Last week, Google announced it's answer to Facebook's Likes: Google +1. Will it be a Facebook killer? Will it usher in Google's social age? Will change the face of the web forever? Only time will tell. Until then, let's take a look at what +1 is. Here are a few posts to get you up to speed:
http://www.youtube.com/watch?v=4RyY2-ofP4g&feature=player_embedded http://googleblog.blogspot.com/2011/03/1s-right-recommendations-right-when-you.html http://searchengineland.com/meet-1-googles-answer-to-the-facebook-like-button-70569
On the surface, +1 is pretty much a Facebook Like with new clothes. When you +1 something, you're recommending that something to all of your social connections and the rest of the world. Behind the scenes, though, +1 has the ability to change the face of search.
For some time now, Google hasn't known what to do with Facebook Likes. Facebook hasn't tried to hide the fact that they're not Google's friend and the wall around Google's side of the garden is getting higher and higher, but Google knows that Facebook is important and Likes need to play into ranking and relevancy the same way Tweets do now. I don't think Google will start including +1 in it's algorithm just yet, but the inclusion of +1 as a social signal is imminent. One of the reasons that Google wants +1 data is because they can't see the correlation between a Facebook Like and relevancy. What better way to get data than by creating and studying a copy it? With +1, Google can get the data they want with their own property, no Facebook involved. Google can then apply the data they gather from +1 and apply it to Facebook likes and, Viola! Two social ranking signals with one stone. The impact of which could be huge.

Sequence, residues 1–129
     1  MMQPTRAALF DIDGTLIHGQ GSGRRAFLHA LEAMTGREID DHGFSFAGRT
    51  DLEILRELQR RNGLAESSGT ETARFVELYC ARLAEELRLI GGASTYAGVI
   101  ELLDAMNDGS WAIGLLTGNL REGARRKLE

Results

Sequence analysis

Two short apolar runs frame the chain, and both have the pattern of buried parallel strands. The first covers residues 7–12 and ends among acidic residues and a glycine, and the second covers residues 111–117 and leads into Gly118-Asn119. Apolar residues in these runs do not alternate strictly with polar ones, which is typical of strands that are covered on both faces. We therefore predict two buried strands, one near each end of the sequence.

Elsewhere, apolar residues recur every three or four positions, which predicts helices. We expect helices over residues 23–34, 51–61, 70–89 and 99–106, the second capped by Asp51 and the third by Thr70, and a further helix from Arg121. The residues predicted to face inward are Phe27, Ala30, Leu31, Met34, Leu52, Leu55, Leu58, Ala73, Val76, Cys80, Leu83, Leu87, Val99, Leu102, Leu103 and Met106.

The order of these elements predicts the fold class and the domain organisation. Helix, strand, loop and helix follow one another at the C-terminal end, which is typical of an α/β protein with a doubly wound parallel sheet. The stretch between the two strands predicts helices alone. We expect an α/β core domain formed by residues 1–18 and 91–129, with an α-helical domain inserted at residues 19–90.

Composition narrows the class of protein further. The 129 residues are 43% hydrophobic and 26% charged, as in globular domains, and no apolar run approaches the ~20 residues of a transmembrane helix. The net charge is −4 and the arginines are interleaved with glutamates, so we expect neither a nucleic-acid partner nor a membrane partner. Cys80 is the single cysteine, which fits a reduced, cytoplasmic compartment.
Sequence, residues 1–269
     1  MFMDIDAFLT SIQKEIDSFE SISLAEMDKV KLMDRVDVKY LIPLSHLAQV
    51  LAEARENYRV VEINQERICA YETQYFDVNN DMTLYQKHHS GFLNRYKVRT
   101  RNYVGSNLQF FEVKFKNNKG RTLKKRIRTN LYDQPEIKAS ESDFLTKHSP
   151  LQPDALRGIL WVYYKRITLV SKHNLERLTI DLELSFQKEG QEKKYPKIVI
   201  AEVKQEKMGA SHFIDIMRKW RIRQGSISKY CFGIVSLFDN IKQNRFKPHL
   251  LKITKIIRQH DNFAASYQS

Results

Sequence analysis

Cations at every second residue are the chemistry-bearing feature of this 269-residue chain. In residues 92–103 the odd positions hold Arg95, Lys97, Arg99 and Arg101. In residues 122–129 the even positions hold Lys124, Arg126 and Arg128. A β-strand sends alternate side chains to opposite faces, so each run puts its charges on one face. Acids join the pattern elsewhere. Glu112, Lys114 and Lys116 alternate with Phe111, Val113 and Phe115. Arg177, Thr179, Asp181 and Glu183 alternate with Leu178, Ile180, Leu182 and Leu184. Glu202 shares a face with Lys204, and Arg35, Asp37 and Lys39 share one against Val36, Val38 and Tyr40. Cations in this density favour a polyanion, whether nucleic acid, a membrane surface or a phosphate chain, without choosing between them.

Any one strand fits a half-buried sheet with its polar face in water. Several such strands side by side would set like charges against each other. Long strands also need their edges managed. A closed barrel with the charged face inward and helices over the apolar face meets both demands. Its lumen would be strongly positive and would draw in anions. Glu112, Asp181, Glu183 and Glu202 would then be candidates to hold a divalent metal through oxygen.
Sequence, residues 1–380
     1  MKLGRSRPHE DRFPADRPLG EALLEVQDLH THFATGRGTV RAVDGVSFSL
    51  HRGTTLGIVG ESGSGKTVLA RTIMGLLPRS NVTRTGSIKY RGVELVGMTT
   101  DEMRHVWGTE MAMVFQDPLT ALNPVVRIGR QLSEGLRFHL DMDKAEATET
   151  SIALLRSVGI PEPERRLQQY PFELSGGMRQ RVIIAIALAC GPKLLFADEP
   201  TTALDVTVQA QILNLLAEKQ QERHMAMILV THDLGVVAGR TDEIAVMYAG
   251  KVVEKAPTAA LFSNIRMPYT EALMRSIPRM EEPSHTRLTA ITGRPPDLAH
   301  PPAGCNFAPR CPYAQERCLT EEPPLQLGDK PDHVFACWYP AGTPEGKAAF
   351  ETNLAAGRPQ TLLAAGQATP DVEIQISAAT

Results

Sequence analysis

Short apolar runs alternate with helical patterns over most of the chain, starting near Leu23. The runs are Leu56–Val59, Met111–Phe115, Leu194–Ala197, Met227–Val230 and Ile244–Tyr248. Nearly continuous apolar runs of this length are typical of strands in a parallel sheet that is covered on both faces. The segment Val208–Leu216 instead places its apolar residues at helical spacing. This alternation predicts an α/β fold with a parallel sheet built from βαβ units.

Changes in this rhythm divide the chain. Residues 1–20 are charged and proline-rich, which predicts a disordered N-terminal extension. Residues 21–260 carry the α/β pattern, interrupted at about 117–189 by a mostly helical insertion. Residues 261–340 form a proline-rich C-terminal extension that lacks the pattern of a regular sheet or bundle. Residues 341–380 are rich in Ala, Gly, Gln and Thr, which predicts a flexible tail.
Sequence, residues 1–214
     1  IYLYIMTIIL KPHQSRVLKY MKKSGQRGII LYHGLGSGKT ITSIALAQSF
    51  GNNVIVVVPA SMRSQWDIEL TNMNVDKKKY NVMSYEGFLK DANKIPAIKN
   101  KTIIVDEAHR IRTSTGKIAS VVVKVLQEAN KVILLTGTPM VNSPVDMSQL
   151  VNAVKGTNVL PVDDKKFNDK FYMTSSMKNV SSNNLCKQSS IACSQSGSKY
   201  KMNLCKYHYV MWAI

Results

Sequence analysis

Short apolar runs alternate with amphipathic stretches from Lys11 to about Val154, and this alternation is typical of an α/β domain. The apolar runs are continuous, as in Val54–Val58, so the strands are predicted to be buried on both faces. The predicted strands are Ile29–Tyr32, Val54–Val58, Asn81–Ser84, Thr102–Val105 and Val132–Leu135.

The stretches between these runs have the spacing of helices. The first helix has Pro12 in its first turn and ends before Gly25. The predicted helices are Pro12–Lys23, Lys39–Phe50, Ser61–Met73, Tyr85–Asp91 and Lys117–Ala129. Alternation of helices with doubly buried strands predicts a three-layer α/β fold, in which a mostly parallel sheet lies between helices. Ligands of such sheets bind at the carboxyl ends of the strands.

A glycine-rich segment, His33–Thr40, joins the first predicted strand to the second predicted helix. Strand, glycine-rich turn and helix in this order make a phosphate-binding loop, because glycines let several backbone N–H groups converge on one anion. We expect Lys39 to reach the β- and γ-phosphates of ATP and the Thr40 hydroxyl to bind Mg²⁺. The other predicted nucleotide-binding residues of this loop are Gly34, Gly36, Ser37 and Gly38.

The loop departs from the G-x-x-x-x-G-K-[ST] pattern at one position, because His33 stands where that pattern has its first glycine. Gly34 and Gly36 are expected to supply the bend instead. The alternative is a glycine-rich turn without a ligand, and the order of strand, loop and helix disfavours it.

Currently, Bing's partnership with Facebook puts Google at a severe disadvantage. Google has been lucky that Bing hasn't made more strides with their partnership with Facebook. Yes, Bing is continuing to grow market share, but they're still a long way off from making a dent in Google's. +1 is Google's chance to once again prove why they're number one by being the first search engine to include social signals in a meaningful way.
It's still too early to tell what impact +1 will have, though. Right now, +1 doesn't feel complete. At least not until Google rolls out the ability to add +1 to a webpage. Also, in it's current form, +1 isn't intuitive. It doesn't fit into the flow of a search. A searcher has to +1 something on the search results page. This is a problem because, one, the searcher hasn't found a result they like yet, and two, once they do find something they like, they may not be likely to return to that results page. The same goes for ads. Sure you can now +1 an ad, but will people really do that? +1ing (is that how you write that?) an ad has the same issues as a natural result: once you click the ad, if you found what you're looking for, you're not likely to go back and +1 it.
On a side note, +1 isn't a very good name. But that's just me. I also didn't like the names Wave, Buzz, Knol, or Hotpot, but I'm sure they have good reason.